How to track down the killers on your stamps
By J.H. Krulla
Revenue loss from the re-use of canceled stamps has always been a major concern of postal administrations. Initially, some postal administrations used postmarks showing the town and date to cancel stamps. Others allowed pen cancellations.
But some ink cancels proved to be relatively easy to erase or wash out and dates were often not clear, so other methods of cancellation were sought.
In the United States, some private and local carriers, such as D.O. Blood & Co., used acid to deface their stamps and prevent re-use.
One experimental handstamp used in the United States included a ring of sharp metal that cut out a piece of the stamp as it canceled it.
In Afghanistan during 1871-91, the postmaster canceled stamps as he affixed them by tearing off a small piece of the stamp, including biting it off, and discarding it.
The grilled stamps issued by the United States during 1867-71 were another attempt to solve the cancellation and revenue-protection problem.
The grilling devices had sharp ridges or raised bosses that were pressed into the stamp's paper breaking the fibers to allow a cancel's ink to penetrate more deeply, which prevented washing out the cancellation.
Ultimately the problem of stamp cancellation was solved by the adoption of killer cancels.
Killers are inked devices that cancel a stamp heavily enough that there is no possibility of the ink being washed out and the stamp being re-used.
In the United States, postmasters began using bottle corks for killer cancels.
A plain cork could sometimes put so much ink on the stamp that postal workers couldn't tell if the letter was properly franked, so postmasters began to carve patterns and designs into the cork cancelers to reduce the amount of ink transferred to the stamp.
The more artistic postmasters began turning their cancellation corks into minor pieces of art, resulting in the many fancy killers so dear to the collector's heart today.
After reading my Refresher Course on cancels and postmarks in the Dec. 30, 2002,Linn's, Ted Showers sent me some examples from his collection of numbered shoe-print killers on U.S. stamps.
Three of his U.S. stamps that bear shoe-print cancels numbered 1 through 3 are shown in Figure 1.
This type of barred elliptical killer was invented by John Goldsborough of Philadelphia. It combined the postmark and cancel in a single handstamp device called a duplex. These cancels were first used in New York beginning in 1875 and quickly became the most widely used commercially produced cancellation device in the United States.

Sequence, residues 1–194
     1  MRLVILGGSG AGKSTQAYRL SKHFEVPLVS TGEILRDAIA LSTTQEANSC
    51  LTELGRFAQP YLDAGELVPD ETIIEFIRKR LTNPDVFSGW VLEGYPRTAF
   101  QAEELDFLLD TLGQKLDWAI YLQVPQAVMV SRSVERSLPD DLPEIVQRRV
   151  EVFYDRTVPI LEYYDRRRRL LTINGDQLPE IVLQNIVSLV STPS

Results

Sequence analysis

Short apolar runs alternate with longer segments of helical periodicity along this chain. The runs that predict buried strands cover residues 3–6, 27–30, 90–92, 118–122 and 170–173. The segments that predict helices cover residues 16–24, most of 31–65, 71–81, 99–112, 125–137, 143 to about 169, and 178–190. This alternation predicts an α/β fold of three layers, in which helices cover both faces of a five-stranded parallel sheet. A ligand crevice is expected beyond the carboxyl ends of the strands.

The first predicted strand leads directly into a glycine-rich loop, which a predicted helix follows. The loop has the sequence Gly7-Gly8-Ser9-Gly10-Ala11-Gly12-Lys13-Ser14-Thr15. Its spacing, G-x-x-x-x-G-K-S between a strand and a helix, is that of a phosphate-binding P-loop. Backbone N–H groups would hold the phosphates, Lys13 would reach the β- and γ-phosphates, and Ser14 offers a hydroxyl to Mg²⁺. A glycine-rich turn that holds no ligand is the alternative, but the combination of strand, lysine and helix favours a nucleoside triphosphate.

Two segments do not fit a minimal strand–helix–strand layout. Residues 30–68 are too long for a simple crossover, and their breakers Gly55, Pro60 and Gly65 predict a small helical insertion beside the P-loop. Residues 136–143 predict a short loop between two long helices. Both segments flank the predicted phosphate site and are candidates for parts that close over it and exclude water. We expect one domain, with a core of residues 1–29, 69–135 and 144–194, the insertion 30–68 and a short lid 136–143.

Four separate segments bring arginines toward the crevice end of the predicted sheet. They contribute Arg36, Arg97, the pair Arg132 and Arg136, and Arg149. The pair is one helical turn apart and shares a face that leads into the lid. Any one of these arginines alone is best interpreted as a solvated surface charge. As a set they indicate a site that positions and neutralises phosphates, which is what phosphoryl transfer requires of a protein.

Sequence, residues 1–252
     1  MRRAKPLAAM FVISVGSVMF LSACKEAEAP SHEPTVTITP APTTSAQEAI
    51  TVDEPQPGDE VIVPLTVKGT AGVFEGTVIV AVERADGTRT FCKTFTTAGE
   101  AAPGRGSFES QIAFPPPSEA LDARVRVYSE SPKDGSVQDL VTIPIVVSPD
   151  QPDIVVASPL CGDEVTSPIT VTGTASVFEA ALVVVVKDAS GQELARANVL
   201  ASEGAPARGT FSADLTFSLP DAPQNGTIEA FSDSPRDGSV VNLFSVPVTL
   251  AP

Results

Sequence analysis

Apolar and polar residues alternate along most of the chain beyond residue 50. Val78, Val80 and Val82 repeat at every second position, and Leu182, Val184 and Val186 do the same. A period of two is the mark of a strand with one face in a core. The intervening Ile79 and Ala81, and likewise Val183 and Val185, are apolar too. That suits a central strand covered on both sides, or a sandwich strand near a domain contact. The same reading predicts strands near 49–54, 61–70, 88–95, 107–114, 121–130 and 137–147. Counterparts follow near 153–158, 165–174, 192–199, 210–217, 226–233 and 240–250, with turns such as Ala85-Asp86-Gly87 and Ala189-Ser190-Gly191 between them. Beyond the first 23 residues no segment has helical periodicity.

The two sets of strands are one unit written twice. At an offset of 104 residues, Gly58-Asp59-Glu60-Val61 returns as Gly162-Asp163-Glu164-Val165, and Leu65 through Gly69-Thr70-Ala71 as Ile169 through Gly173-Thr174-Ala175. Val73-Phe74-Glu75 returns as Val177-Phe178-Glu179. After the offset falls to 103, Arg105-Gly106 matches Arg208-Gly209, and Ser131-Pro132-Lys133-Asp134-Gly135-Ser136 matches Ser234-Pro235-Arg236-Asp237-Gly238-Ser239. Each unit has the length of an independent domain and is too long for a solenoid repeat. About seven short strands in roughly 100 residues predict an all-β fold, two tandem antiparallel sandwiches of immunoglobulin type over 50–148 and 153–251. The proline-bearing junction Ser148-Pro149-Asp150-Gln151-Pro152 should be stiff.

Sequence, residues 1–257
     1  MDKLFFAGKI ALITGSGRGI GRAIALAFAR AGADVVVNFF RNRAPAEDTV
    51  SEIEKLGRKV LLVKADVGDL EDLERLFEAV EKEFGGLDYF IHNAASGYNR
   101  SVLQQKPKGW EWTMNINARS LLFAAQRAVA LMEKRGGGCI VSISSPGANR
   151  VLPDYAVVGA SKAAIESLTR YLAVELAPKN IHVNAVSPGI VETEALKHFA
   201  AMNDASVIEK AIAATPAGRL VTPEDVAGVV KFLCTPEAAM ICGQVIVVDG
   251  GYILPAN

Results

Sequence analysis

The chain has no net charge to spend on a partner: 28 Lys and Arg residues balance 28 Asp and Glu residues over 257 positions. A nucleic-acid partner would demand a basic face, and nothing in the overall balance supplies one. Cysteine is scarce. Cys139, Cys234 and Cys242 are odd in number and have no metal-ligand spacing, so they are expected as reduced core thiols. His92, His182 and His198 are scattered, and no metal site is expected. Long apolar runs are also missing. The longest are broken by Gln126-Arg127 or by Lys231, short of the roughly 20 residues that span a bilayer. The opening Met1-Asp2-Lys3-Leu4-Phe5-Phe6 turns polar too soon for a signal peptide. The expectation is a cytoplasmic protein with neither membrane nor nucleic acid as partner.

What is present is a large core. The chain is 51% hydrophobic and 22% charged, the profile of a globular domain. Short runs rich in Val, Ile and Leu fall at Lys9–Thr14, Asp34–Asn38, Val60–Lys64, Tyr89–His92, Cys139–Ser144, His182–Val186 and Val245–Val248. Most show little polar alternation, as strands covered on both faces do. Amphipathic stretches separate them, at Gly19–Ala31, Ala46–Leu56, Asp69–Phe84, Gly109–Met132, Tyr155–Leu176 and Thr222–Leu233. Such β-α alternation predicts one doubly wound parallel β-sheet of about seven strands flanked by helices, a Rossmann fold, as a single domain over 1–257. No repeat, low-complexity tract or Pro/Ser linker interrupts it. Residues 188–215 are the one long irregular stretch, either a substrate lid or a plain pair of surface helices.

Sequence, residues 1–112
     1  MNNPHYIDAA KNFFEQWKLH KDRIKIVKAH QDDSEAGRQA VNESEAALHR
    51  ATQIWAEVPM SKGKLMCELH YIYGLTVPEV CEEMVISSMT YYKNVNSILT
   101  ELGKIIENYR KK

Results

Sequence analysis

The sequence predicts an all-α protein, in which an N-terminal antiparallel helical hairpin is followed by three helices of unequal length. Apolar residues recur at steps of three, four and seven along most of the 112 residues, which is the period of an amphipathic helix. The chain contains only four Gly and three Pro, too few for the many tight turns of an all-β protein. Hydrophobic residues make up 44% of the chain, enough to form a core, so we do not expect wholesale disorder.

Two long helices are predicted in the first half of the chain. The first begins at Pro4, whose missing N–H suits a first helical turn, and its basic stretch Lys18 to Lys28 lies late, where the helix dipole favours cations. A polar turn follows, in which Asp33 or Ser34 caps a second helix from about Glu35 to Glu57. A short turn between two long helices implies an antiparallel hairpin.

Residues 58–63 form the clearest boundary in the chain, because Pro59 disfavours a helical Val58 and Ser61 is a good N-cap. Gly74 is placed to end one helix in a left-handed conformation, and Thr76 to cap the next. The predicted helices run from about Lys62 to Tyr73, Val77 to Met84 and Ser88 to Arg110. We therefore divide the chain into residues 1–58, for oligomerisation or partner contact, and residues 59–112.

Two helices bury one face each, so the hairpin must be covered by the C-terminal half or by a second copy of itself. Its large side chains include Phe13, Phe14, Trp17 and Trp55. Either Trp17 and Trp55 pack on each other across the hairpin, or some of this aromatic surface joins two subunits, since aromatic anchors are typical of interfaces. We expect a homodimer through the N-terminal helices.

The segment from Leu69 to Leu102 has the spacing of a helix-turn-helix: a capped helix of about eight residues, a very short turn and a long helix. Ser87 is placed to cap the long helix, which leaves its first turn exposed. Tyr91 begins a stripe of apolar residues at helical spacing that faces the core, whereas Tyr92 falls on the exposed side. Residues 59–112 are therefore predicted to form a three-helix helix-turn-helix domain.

At the center of the cancel was a number, a letter or letters or a geometric shape. These identified the postal worker, shift, position or branch by which or where the cancel was used.
The barred elliptical cancel numbered "789" was used only by the American Expeditionary Force in France in World War I.
With notable exceptions, the numbers or letters of cancellation devices used in the United States do not carry information that can be used to identify the place of origin.
The same is not true of many European killer cancels.
For many European countries and their colonies, numerical killer cancels can be used to identify the town or post office where the cancellation was applied.
This information is of great use to stamp collectors because off-cover loose stamps that didn't happen to catch the postmark can be traced to their place of use by the cancel.
These killer cancels consisted of a number at the center of concentric rings or grids of bars or dots.
Baden, Bavaria, Denmark and Russia used concentric ring cancels with numbers designating the town or post office where they were applied.
Concentric-ring cancels are sometimes incorrectly called target cancels. True target cancels have a bull's-eye at the center rather than a numeral or letters.
A Mauritius 2-penny gray-blue on bluish paper Queen Victoria stamp, Stanley Gibbons 21, with a target cancel is shown in Figure 2.
A Baden 6-kreuzer Prussian blue Numeral stamp, Scott 22a, with a "109" concentric ring cancel from Pforzheim is shown in Figure 3.
Old editions of the German-language Michel Germany Specialized Catalog contain lists of number cancels for German states with the towns or post offices that they were used by.
This information was dropped in the 1999 and subsequent editions of the catalog, but you might be able to pick up an earlier edition relatively cheaply that has these lists.
Specialized collectors will pay a premium above the stamp's basic value for legible numeral cancels. For uncommon cancels, this premium can be many times more than the value of the stamp.
Most numeral cancels are in black ink, but those in red, blue or green ink bring additional premiums.
Just as with the stamps themselves, the condition or quality of the cancel is important. Cancels with complete rings and clear, easily readable numbers are the most desirable.